Tuesday, 18 January 2011

Its a boys game when size matters!!!

Travelling to Delhi recently, I visited a number of exhibitions that provoked responses, thoughts and ideas that I have been mulling over. For quite a while I have been discussing with curators and artist colleagues, the need for us to assess the methods and rationale of our curatorial practices; as well as the directions we are pointing/placing ourselves towards/in, vis a vis attitudes and representations, both nationally and globally.

I must start off by saying that I am delighted that the Lalit Kala Akademi has thrown open its doors to entertaining private galleries using its premises. I completely endorse this and it brings great hope for new policies to revamp the institution of the Lalik Kala; and with it for us to upgrade our understanding of the co-existence of public and private sectors working together. Having said this I hope that our joy of this does not diminish the space of critical discourse; believing therefore that our gratitude to see change disallows us to further problematize where we need to.

Therefore from the logic of this position I will put forward observations from the exhibition Against All Odds, currently on view at the LKA in Delhi, which appear rather lacking in the standard of expectations one has of curatorial endeavours of investigation. The idea of archiving as a framework through which to address the intentions of this compilation of work, seems rather stretched in some instances; and the very idea itself appears rather borrowed. The apparent need to still clutch at the flag of "avante garde" and hold it hostage in meaning to become represented by materials and methodolgies of thought that subscribe to a very narrow interpretation of contextualized/historisized/political/gender issue/radical/mediative visual articulation, seems to in fact reinvent conservative attitudes unknowingly.

Big, bigger, biggest should really be the title of this show! The laughter club of N.S Harsha actually brought tears of mortification to me! What sorrow that we loose our ability to comprehend how to negotiate the territory of communication as artists in a public domain, and stand accountable to its immense responsibility. Vivan Sunderam's work too felt so contrived.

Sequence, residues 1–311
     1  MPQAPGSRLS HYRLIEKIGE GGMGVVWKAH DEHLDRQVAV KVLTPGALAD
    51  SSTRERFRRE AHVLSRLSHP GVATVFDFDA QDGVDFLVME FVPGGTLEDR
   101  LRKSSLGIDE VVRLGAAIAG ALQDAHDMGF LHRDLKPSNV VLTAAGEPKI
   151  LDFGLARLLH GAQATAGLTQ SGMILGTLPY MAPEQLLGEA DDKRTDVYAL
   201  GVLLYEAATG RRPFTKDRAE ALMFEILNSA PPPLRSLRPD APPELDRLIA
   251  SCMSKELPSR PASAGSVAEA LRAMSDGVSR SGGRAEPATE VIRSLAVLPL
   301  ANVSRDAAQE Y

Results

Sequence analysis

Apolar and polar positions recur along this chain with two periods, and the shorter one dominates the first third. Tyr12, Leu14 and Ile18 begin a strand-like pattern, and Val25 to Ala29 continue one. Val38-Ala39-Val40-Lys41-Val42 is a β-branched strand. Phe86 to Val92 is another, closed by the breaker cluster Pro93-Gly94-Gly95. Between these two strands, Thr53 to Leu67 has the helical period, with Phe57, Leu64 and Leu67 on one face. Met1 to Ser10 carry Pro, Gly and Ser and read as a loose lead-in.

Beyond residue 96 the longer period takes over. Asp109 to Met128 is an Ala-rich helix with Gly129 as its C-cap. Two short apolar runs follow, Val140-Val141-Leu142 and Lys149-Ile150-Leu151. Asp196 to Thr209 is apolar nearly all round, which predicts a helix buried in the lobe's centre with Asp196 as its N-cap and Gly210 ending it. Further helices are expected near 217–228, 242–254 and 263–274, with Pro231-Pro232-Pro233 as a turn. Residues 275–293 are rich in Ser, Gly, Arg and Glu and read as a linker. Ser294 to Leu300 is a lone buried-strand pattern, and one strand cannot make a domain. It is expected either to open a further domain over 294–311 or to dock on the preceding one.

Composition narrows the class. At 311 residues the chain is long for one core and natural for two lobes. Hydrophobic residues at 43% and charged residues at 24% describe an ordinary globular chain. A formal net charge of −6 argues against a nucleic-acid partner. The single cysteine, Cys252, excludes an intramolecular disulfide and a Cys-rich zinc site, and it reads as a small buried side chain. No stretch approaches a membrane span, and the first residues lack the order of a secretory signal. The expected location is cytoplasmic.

On the other hand, Bose Krishnamachari's LAVA is one of my all time favourite works because it makes the across-over into a real existence, playing with the notions of archiving so very effortlessly; and the playfulness with a borrowed concept is not disguised but instead celebrated in its new avaatar of disemination with no apologies made.

Archana Hande and Nikhil Chopra's work has a been-there-done-it feel, and it leaves you with a sense of de ja vou that is really frustrating. Ideas of self identity and colonial angst have already been worked with extensively and their work looks imitative and repetitive. Reinventing the wheel?! Well what can one really say.

The one artist who should have rightfully been in this show was Nalini Malani. Where was she?!

I found the work of Vivek Vilasini the most compelling. A quiet arrangement of photographs of the brightly painted houses in Kerala, beautifully arranged at the corner of two walls. Understated, it provides a relief to the over pretentiousness of much of the work in this show.

I have always said that Arshiya Lokhandwala's gallery Lakeeren, that she operated from 1995 to 2003, was one of the most impactful spaces in India; and that her position as an cultural interventionist was greatly valued. I hope that she realigns herself to a space of faith within herself and is not guided by the dictates of other's, as it may appear to be this case, but reconnects to believe in her own vision and insightfulness. As an admirer of hers, I wish her lots of luck and await with anticipation for a more truthful and precious space of curatorial deliverance from her.
Photograph taken by me in the Stanford Museum USA

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